China's latest foreign direct investment (FDI) data have testified the country's stronger appeal to foreign investors who have shown widespread optimism in a fast-growing market.
In the January-August period, FDI expanded 6.9 percent year-on-year to 604 billion yuan ($85.36 billion). FDI inflow grew 3.2 percent year-on-year to $89.26 billion, data from the Ministry of Commerce showed.
These gains were hard-earned given the global FDI flows had declined for three consecutive years. In 2018, global FDI went down 13 percent, and developed countries saw a record low FDI inflow since 2004, according to the World Investment Report 2019 published by the United Nations Conference on Trade and Development.
The circumstances did not dampen foreign investors' enthusiasm in increasing investment China. A total of 27,704 new foreign-funded enterprises were established in the first eight months of this year.
China bucked the trend of the global FDI slide with a huge consumer market that is highly attractive to the world's major multinationals, said Shen Jianguang, a chief economist with JD Digits.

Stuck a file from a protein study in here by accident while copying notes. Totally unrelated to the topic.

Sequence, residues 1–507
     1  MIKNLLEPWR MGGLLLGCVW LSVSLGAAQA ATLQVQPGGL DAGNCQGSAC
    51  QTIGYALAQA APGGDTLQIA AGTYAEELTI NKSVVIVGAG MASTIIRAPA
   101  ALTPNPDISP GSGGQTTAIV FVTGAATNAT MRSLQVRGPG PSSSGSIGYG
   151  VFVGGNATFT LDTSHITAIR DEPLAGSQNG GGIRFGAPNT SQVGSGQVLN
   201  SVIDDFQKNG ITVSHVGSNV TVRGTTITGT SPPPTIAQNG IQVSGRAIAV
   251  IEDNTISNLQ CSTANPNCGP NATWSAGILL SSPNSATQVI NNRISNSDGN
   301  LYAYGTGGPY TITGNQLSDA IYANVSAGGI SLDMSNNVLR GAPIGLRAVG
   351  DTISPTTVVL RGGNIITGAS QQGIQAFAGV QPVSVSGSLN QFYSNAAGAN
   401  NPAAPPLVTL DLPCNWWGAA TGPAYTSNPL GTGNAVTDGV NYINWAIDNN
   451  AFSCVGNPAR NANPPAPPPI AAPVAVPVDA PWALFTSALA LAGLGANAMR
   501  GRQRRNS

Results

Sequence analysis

"Another factor is that the country has kept reducing restrictions and limits on foreign investment's access to a wide range of sectors," Shen said, noting that China's opening-up keeps gaining momentum.
According to a new survey by the American Chamber of Commerce in Shanghai on 333 US firms, respondents reported an improving regulatory environment in China and that the country's operational environment for foreign companies showed significant signs of progress.
Over 59 percent of respondents said increasing consumption will be the top factor to benefit their industry in the next three to five years.
Another survey released earlier this year by the American Chamber of Commerce (AmCham) in South China showed that 46 percent of the 240 respondents consider China as the top destination in their global investment plans, while 24 percent consider China as their second to third priority.
The reinvestment in China in 2019 is expected to rise by a whopping 37.9 percent, reaching $19.4 billion among all membership enterprises of AmCham South China as the consumer market evolves in China, said Harley Seyedin, president of AmCham South China.
"US companies in China continue to grow and tend to be profitable. We certainly don't want to fall behind because there's friction going on," said Seyedin in an interview with Xinhua.
The country's continued opening-up has also attracted investors from a wider range of countries. Foreign investment from the Republic of Korea surged 45.3 percent year-on-year in the first eight months, while FDI from the countries participating in the Belt and Road Initiative maintained steady growth of 6.3 percent, according to the Commerce Ministry.
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